What investors look for in AI and ML startups

Getting to yes – What investors look for in AI and ML startups

What investors look for in AI and ML startups

Everyone knows that early-stage investors want to back great founders and ideas, but it is difficult to anticipate precisely what will resonate with VC firms. A panel of tech investors gathered at Big Data and AI Toronto 2020 to talk through their process of evaluating AI and ML startups.

Three tech investors based in Canada and the United States came together at Big Data and AI Toronto 2020 to talk about their process of evaluating AI and ML startups:

AI and ML startups panelists

One thing that was made clear early in the conversation is that artificial intelligence can be helpful but is not enough in itself. According to Ivy, “what we’ve seen time and again is customers that will try out a solution if there is some AI. It helps you get a foot in the door, but at the end of the day, they never buy AI for AI’s sake. They buy solutions to their problems.”

They all agreed that when evaluating companies that are in the machine learning space, especially at the early stage, the “team is super important to investors”. When taking a deeper look at the team members, investors pay close attention to both the technical and domain expertise. Those are two of the most important factors when deciding if they might be interested in investing or not.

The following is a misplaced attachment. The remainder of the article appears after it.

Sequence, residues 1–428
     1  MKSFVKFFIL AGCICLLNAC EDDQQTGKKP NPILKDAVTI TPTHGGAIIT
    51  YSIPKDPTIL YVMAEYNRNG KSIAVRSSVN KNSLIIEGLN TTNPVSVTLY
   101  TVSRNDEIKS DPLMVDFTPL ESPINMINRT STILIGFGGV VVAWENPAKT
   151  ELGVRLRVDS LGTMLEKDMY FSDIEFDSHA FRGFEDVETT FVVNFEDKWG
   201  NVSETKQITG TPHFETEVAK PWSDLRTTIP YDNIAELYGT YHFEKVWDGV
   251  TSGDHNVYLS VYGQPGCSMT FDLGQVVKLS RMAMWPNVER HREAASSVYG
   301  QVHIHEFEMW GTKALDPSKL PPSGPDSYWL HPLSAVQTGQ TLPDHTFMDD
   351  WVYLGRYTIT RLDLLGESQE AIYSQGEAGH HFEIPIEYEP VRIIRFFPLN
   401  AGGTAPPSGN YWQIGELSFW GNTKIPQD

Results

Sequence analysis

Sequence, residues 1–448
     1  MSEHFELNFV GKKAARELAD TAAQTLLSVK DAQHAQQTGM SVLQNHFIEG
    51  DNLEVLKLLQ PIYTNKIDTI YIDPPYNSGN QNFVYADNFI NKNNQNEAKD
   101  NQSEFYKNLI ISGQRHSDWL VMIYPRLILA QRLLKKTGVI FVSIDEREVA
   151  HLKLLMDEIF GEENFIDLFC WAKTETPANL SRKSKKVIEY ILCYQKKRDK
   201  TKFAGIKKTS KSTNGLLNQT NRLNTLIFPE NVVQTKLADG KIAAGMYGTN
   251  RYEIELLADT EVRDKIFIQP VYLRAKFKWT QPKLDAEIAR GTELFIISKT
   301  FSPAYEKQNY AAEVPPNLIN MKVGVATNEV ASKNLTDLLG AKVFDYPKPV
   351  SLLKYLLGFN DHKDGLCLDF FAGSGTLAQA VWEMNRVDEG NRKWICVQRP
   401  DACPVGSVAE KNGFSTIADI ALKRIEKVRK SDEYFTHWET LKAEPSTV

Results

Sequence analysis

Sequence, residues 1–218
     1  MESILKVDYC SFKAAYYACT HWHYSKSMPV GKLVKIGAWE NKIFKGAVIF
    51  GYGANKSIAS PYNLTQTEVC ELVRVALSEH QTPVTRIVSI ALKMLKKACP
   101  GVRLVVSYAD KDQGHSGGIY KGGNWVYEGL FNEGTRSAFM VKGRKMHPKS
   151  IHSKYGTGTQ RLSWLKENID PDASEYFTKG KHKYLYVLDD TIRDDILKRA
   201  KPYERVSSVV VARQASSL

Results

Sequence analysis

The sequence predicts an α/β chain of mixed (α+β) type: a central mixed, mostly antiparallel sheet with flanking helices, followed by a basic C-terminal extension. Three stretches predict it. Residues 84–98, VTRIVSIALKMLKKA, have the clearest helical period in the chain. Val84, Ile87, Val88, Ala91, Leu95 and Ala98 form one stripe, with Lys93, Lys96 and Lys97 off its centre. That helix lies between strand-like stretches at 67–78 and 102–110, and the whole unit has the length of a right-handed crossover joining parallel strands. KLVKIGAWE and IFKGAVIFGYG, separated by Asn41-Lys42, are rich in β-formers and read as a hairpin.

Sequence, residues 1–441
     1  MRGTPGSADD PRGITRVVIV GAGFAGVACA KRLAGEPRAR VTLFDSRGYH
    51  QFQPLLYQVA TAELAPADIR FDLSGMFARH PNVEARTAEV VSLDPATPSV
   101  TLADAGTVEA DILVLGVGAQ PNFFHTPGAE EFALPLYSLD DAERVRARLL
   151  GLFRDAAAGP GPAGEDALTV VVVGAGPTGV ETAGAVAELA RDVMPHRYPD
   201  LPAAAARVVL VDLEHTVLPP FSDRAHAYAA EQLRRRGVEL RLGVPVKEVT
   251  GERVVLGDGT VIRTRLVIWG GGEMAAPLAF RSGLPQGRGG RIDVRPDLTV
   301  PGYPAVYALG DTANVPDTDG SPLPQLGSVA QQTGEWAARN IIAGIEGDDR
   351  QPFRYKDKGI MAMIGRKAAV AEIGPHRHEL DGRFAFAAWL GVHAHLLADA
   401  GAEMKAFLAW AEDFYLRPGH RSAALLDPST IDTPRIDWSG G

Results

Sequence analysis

“Another thing I spend a lot of time looking at when we’re evaluating early-stage machine learning startups, especially in the applied machine learning space, is the data set,” replied John. “As much as we care about the quality of your technical team and it’s incredibly important to us, it’s also important to us, especially in machine learning companies, to understand your data strategy”.

Technical and domain expertise

According to Jamie, “on the technical expertise front, obviously you need to have the credentials and the experience”. Regarding the domain expertise, he continued “, it can be played by the same person, but really what we’re looking for there is someone that understands the non-obvious problems that show potential for really meaningful solutions”.

It was also mentioned that there is no miracle recipe into how to find the exact right person for your team. Some may prefer to go with an ex C-suite or CEO of a major incumbent in their space while others may decide to bring “a domain expert who represents the operation point of view; somebody who knows the day-to-day work very well and what the end-user pain point could be”. Both have their pros and cons so technical data scientists who are thinking about building AI and ML startups will have to think about what they want that domain expert to bring to the table as a full-time member of the team.

It is also important to realize that this is not going to be a walk in the park; intellectual curiosity, hustle, and putting oneself in the industry will be crucial. Thankfully, there are systems in place to help founders. “The same way businesspeople have set up all these different platforms to go meet technical co-founders, there’s the other side of the coin […] Businesspeople who are getting into the entrepreneurial world are often really interested to meet you if you have technical skill set”.